9. I'd post some code but my stuff is optimized so it wouldn't make any sense. I'm sure there's examples online (and DirectX SDK) for this but here's the over view in a nut shell.   First you want to compute a bell curve based on the number of samples that you want to use for your blur. You can use hard coded numbers for this but computing your own bell curve will allow you fine tune it to your needs. All we care about is half the bell curve because this is your target pixel and the number of samples taken. These values are your weights. Target pixel plus half the number of samples. We can now reused these samples for the other side of the target pixel. X = target pixel.   +++++X+++++ = 1.0   In the example above, there is 11 weights. If you were to add them all up, they would equal 1.0. You use the same array of weights to do the horizontal and vertical blur pass. At this point you simply multiply the sampled pixels by their respective weights to calculate the new color of the target pixel.   As stated above, this is a two step process and you'll need one additional buffer to complete the process. This assumes you're using a back buffer. Otherwise you'll need two buffers depending on how you are implementing it.   First pass - horizontal: Sample the values from the back buffer and write the new pixel value to the extra buffer. Second pass - vertical: Sample the values from the extra buffer and write the new pixel value to the back buffer.   That's it in a nut shell. There's optimizations you can do like use two smaller buffers to do the blurring. Scale it down to a smaller buffer, blur between the two buffers, scale back up to the original size.
  10. I tried messing with it again and now the __android_log_print is working. these tools...
  11. I'm trying to send log messages so that I can see the output in LogCat via Eclipse. I tried it with the Android and SDL call but nothing shows up in Log Cat. I set the filter to "verbos" or "debug" but none of the information is displayed.   Is there a trick to this or am I doing something wrong.   Had to apply a fix to Eclipse so that it would show all the LogCat tabs so I do see all the info. void CStatCounter::IncCycle( SDL_Window * m_pWindow ) { // These counters are incremeented each game loop cycle so they can // be placed here in this function because this function is also called // each game loop cycle m_elapsedFPSCounter += CHighResTimer::Instance().GetFPS(); ++m_cycleCounter; // update the stats every 500 miliseconds if( m_statsDisplayTimer.Expired(CTimer::RESTART_ON_EXPIRE) ) { // Show the output #if defined(__ANDROID__) __android_log_print(ANDROID_LOG_DEBUG, "Lap Cat Games", "%s", "Test Message"); #else if( !CSettings::Instance().GetFullScreen() ) SDL_SetWindowTitle( m_pWindow, GetStatString().c_str() ); #endif // Now that the stats are displayed, we can reset out counters. ResetCounters(); } } // HasCycleCompleted or void CStatCounter::IncCycle( SDL_Window * m_pWindow ) { // These counters are incremeented each game loop cycle so they can // be placed here in this function because this function is also called // each game loop cycle m_elapsedFPSCounter += CHighResTimer::Instance().GetFPS(); ++m_cycleCounter; // update the stats every 500 miliseconds if( m_statsDisplayTimer.Expired(CTimer::RESTART_ON_EXPIRE) ) { // Show the output #if defined(__IPHONEOS__) || defined(__ANDROID__) SDL_LogDebug( SDL_LOG_CATEGORY_RENDER, "%s", GetStatString().c_str() ); #else if( !CSettings::Instance().GetFullScreen() ) SDL_SetWindowTitle( m_pWindow, GetStatString().c_str() ); #endif // Now that the stats are displayed, we can reset out counters. ResetCounters(); } } // HasCycleCompleted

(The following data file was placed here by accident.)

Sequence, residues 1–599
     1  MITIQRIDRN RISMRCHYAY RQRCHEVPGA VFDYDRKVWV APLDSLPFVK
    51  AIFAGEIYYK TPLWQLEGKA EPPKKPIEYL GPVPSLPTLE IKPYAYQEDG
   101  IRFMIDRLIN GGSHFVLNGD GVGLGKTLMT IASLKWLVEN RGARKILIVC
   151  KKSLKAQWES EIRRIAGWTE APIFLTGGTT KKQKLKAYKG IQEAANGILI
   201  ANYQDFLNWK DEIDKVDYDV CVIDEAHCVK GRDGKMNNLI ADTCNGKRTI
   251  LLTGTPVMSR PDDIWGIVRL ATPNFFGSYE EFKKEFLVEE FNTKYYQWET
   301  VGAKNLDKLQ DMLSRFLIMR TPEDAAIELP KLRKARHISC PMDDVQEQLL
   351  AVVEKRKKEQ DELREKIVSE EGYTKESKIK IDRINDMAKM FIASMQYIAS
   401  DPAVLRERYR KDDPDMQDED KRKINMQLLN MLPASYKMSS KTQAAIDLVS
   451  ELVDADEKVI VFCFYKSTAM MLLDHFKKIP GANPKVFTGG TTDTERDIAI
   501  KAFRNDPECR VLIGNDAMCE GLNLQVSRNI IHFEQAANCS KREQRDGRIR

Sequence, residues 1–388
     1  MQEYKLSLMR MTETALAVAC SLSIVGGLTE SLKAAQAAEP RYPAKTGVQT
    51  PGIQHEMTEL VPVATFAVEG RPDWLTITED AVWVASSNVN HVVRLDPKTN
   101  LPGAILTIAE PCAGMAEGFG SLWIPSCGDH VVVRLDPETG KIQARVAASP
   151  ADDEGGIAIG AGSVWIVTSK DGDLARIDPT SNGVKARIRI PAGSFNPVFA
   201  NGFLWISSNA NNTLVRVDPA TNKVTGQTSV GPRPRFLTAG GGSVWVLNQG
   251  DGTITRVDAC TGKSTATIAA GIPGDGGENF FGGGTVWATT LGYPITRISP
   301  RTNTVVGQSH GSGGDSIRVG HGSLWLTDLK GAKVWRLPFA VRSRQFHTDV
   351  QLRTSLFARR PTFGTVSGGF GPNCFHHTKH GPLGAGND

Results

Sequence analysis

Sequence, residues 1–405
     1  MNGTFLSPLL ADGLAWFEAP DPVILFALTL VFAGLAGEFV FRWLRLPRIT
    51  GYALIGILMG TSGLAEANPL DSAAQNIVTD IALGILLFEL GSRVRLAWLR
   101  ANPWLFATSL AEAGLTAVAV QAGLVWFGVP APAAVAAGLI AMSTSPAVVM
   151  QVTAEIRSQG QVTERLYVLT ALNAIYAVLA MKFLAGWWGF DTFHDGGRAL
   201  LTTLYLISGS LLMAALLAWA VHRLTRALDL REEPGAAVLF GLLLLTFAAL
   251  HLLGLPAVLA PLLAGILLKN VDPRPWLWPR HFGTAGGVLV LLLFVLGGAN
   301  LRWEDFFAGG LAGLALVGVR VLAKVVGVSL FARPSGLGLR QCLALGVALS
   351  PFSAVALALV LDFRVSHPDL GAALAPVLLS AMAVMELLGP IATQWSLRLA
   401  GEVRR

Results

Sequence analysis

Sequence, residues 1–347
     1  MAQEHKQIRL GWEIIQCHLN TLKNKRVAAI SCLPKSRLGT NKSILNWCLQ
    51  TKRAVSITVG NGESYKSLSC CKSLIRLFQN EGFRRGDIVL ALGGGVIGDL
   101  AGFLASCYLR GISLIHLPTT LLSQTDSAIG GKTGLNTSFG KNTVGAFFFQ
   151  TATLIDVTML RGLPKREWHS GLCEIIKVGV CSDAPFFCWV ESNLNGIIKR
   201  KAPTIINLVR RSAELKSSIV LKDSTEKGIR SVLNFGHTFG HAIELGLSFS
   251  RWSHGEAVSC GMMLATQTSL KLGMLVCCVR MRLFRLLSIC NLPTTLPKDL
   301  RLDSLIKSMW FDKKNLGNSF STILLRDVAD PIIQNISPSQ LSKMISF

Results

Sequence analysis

12. I'm only setting it in the init now. My stencil needs at the moment are very simple but I can't see needing to do more at this time.   The way to think of this is the glStencilMask() is like glClearColor, you're telling OpenGL what value to use when clearing the stencil buffer, just like the color or depth buffer. This all happens when glClear is used. Example: glClear( GL_COLOR_BUFFER_BIT | GL_DEPTH_BUFFER_BIT | GL_STENCIL_BUFFER_BIT )   See my adjusted code below. /************************************************************************ * desc: Init the game ************************************************************************/ void CBaseGame::Init() { // Init the clear color glClearColor(0.0f, 0.0f, 0.0f, 1.0f); // Init the stencil clear mask based on the bit size of the mask // Stencil buffer can only be 1 or 8 bits per pixel if( CSettings::Instance().GetStencilBufferBitSize() == 1 ) glStencilMask(0x1); else if( CSettings::Instance().GetStencilBufferBitSize() == 8 ) glStencilMask(0xff); // Cull the back face glFrontFace(GL_CCW); glCullFace(GL_BACK); glEnable(GL_CULL_FACE); // Enable alpha blending glEnable(GL_BLEND); glBlendFunc(GL_SRC_ALPHA, GL_ONE_MINUS_SRC_ALPHA); // Make the zero texture the active texture glActiveTexture(GL_TEXTURE0); // Show the window CDevice::Instance().ShowWindow( true );     if( CSettings::Instance().GetClearTargetBuffer() )         m_clearBufferMask |= GL_COLOR_BUFFER_BIT;     if( CSettings::Instance().GetEnableDepthBuffer() )         m_clearBufferMask |= GL_DEPTH_BUFFER_BIT;          if( CSettings::Instance().GetClearStencilBuffer() )         m_clearBufferMask |= GL_STENCIL_BUFFER_BIT; // Display a black screen glClear( GL_COLOR_BUFFER_BIT ); SDL_GL_SwapWindow( m_pWindow ); } // Init
  13. Thanks frob but I found the problem (face palm).   I was setting glStencilMask() before and after the render to the stencil buffer. I found some info about how this should be set before the stencil buffer is cleared and in many cases, only needs to be set in your init with all your other OpenGL settings on start up.   My implementation was from some stencil buffer demo but worked fine in WIndows and Linux. Odd.
  14. Got my game engine to build and run on the Android over the week end. It also builds and runs on Windows and Linux.   Is there some extra step to get stencil buffering working? Same code works as expected on WIndows and Linux.